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Do Health Insurers Possess Market Power?

Author

Listed:
  • Laurie J. Bates

    () (Professor of Economics, Department of Economics, Bryant University, Smithfield, RI 02917, USA)

  • James I. Hilliard

    () (Assistant Professor of Risk Management and Insurance, Department of Insurance, Legal Studies and Real Estate, Terry College of Business, University of Georgia, 206 Brooks Hall, Athens, GA 30602, USA)

  • Rexford E. Santerre

    () (Professor of Finance and Healthcare Management, Department of Finance, University of Connecticut, School of Business, 2100 Hillside Road Unit 1041, Storrs, CT 06269-1041, USA; corresponding author)

Abstract

During the 2009–2010 health care reform debates, many policy makers presumed that a lack of competition in the U.S. health insurance industry had resulted in greater levels of uninsurance. However, such a presumption has no basis in current research. This study, with a panel data set of the 50 states and the District of Columbia over the years 2001–2007, examines how health-insurer market concentration at the state level influences the percentage of the population with either individually purchased or employer-sponsored private health insurance. Two-stage least squares estimates are derived using a lagged measure of health-insurer concentration as an instrument. Results suggest that health insurers exercise market power on the seller side of the health insurance marketplace, but the restriction of output is limited to the individually purchased insurance market segment.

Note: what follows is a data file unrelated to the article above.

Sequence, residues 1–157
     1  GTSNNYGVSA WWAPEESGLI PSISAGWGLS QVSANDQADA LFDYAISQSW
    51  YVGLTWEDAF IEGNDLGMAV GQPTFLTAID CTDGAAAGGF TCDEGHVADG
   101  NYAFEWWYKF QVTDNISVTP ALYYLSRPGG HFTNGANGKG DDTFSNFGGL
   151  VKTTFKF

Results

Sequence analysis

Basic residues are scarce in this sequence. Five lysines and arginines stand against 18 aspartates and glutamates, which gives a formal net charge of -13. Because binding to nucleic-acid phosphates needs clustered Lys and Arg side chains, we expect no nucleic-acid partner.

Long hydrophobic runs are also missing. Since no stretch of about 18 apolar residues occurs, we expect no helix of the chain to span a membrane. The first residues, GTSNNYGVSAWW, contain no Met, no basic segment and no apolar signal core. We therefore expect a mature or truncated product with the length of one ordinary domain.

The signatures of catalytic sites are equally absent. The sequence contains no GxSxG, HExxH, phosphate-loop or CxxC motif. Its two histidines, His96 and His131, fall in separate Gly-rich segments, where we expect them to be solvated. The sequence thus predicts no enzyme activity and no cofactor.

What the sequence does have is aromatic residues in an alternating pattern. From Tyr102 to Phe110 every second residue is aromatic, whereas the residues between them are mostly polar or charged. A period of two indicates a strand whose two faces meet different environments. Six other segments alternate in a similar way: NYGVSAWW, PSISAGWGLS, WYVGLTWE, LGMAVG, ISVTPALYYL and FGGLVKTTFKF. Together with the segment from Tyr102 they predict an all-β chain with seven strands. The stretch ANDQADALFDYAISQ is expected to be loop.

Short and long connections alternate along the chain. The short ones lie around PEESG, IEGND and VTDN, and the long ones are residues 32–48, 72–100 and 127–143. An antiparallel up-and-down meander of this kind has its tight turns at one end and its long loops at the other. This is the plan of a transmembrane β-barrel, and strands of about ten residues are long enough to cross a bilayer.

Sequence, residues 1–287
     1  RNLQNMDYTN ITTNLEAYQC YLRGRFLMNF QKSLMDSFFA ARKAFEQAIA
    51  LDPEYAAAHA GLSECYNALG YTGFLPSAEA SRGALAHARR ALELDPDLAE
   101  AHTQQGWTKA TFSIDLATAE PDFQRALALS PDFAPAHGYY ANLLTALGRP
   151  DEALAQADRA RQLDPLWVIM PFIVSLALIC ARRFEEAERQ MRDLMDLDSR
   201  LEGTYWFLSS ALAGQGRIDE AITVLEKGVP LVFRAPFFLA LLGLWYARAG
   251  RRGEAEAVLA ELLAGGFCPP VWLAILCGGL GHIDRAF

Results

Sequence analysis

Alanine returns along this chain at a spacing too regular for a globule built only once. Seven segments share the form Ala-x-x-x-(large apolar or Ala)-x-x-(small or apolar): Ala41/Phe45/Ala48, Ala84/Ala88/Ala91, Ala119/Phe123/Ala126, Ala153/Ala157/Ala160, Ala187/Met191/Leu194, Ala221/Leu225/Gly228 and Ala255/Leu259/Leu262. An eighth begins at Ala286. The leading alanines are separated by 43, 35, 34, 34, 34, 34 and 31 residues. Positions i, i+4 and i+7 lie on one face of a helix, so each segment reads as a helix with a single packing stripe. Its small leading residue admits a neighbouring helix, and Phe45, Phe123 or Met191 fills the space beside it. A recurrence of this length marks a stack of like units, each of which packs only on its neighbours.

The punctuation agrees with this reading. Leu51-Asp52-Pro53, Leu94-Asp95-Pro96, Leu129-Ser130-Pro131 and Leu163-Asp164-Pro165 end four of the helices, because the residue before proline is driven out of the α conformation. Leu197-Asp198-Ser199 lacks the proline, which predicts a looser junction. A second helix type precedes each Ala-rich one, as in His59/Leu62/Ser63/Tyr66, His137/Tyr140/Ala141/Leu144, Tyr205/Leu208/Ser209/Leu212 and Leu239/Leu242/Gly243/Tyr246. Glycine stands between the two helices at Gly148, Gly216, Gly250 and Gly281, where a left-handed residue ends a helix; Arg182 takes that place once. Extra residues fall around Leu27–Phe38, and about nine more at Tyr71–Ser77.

Suggested Citation

  • Laurie J. Bates & James I. Hilliard & Rexford E. Santerre, 2012. "Do Health Insurers Possess Market Power?," Southern Economic Journal, Southern Economic Association, vol. 78(4), pages 1289-1304, April.
  • Handle: RePEc:sej:ancoec:v:78:4:y:2012:p:1289-1304
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    File URL: http://dx.doi.org/10.4284/0038-4038-78.4.1289
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    Citations

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    Cited by:

    1. Pau Olivella & Fred Schroyen, 2014. "Multidimensional Screening in a Monopolistic Insurance Market," The Geneva Risk and Insurance Review, Palgrave Macmillan;International Association for the Study of Insurance Economics (The Geneva Association), vol. 39(1), pages 90-130, March.
    2. Daniel McFadden & Carlos Noton & Pau Olivella, 2015. "Minimum coverage regulation in insurance markets," SERIEs: Journal of the Spanish Economic Association, Springer;Spanish Economic Association, vol. 6(3), pages 247-278, August.
    3. Sandra Rodriguez A., 2015. "Poder de monopsonio en el mercado de aseguramiento en salud en Colombia," REVISTA DE ECONOMÍA DEL CARIBE 014779, UNIVERSIDAD DEL NORTE.
    4. Donald Alexander & Jon Neill, 2015. "The Impact of Market Share on Health Insurance Premiums," Atlantic Economic Journal, Springer;International Atlantic Economic Society, vol. 43(4), pages 477-488, December.

    More about this item

    JEL classification:

    • I11 - Health, Education, and Welfare - - Health - - - Analysis of Health Care Markets
    • L12 - Industrial Organization - - Market Structure, Firm Strategy, and Market Performance - - - Monopoly; Monopolization Strategies

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